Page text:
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2017-10-25 / Columnists

Pets, Pets, Pets

“Here’s looking at you, Kid!” Humphrey Bogart would be so intrigued with new canine research from the University of Portsmouth in Britain.This study found dogs produce more facial expressions when humans are looking at them.

Scientists at the University’s Dog Cognition Centre are the first to find clear evidence dogs move their faces in direct response to human attention. Dogs don’t respond with more facial expressions upon seeing tasty food, suggesting that dogs produce facial expressions to communicate and not just because they are excited.

Brow-raising, which makes the eyes look bigger - so-called “puppy dog eyes” - was the dogs’ most commonly used expression in this research.

Dog cognition expert Dr Juliane Kaminski led this recent study about dog expressions. Dr. Kaminski is a lecturer from the psychology department at the University of Portsmouth She received her Ph.D. in biological sciences from Leipzig University and helped found and lead the Max Planck Institute’s Dog Cognition Study Center.There, she made a number of exciting discoveries about how dogs solve problems. Her research interests include social cognition, communication and cooperation in human infants and dogs.

Lab with “puppy dog eyes” Lab with “puppy dog eyes” She was the first to show that a dog named Rico learns words in a similar fashion as human infants. She is widely recognized as a leading expert on dog cognition and has been recognized in National Geographic, Discovery News and the NOVA special documentary film “Dogs Decoded” broadcast on American public television.The canine expression study was just published in Scientific Reports online Oct. 19, 2017. Here is an excerpt:

“Dr. Kaminski said: “We can now be confident that the production of facial expressions made by dogs are dependent on the attention state of their audience and are not just a result of dogs being excited. In our study they produced far more expressions when someone was watching, but seeing food treats did not have the same effect. The findings appear to support evidence dogs are sensitive to humans’ attention and that expressions are potentially active attempts to communicate, not simple emotional displays.”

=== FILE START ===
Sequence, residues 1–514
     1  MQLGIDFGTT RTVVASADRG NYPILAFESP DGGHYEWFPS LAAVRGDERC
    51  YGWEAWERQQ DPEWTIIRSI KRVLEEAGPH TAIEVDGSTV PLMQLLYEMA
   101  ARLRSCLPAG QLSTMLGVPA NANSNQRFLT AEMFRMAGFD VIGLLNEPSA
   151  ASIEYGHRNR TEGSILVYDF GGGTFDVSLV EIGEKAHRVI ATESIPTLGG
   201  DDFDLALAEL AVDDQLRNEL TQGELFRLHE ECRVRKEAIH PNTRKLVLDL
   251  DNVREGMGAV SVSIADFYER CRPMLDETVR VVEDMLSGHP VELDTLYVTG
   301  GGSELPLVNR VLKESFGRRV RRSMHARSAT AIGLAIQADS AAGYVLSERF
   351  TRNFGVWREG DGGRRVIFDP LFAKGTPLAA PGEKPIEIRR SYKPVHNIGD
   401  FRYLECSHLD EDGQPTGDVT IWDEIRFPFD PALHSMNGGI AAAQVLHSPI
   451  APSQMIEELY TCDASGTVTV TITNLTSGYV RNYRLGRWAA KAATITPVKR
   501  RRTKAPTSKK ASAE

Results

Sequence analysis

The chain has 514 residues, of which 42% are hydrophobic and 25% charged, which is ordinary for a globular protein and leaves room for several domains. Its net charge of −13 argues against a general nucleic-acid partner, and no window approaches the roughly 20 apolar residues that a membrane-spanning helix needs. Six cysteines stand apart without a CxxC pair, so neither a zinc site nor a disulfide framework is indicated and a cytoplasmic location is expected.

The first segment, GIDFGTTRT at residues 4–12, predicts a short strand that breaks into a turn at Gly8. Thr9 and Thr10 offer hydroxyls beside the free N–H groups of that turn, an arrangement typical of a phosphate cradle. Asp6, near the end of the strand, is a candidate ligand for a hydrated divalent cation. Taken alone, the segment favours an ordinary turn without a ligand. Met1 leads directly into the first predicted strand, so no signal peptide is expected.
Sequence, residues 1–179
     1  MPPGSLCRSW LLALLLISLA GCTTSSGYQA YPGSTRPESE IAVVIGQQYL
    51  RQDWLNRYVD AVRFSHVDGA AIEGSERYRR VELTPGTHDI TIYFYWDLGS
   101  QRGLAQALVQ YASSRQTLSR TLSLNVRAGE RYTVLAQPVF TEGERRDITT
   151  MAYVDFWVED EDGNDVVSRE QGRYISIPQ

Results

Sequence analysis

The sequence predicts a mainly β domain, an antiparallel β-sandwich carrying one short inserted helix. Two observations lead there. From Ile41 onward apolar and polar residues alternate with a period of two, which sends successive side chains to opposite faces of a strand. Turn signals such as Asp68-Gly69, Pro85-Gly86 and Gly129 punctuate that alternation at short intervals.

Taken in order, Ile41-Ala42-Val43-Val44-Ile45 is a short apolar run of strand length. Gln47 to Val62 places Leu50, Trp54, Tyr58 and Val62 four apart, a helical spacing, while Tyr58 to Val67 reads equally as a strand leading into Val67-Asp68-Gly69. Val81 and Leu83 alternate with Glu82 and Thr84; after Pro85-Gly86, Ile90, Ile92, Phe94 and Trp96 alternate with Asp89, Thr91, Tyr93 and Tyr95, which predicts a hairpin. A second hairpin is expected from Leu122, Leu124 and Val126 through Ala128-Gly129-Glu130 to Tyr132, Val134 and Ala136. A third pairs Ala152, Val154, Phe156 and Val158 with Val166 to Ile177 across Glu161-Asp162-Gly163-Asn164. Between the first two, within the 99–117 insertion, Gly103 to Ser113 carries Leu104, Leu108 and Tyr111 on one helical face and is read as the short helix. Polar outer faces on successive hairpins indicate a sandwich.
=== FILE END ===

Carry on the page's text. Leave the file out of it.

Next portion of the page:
Most mammals produce facial expressions - such expressions are considered an important part of an animal’s behavioral repertoire - but it has long been assumed that animal facial expressions, including some human facial expressions, are involuntary and dependent on an individual’s emotional state rather than being flexible responses to the audience.

Dr. Kaminski said it is possible dogs’ facial expressions have changed as part of the process of becoming domesticated.The researchers studied 24 dogs of various breeds, aged one to 12. All were family pets, and dogs comfortable away from their owner and near strangers. Each dog was tied by a lead a meter away from a person, and the dogs’ faces were filmed throughout a range of exchanges, from the person being turned towards the dog, to being distracted and with her body oriented away from the dog.

The dogs’ facial expressions were measured using DogFACS, an anatomically based coding system which gives a reliable and standardized measurement of facial changes linked to underlying muscle movement.